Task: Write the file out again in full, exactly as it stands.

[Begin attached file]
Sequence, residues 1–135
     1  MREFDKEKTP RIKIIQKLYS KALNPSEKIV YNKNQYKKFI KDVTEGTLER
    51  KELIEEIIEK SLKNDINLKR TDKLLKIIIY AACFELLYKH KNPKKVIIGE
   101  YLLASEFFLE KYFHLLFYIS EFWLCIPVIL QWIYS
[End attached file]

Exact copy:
Sequence, residues 1–135
     1  MREFDKEKTP RIKIIQKLYS KALNPSEKIV YNKNQYKKFI KDVTEGTLER
    51  KELIEEIIEK SLKNDINLKR TDKLLKIIIY AACFELLYKH KNPKKVIIGE
   101  YLLASEFFLE KYFHLLFYIS EFWLCIPVIL QWIYS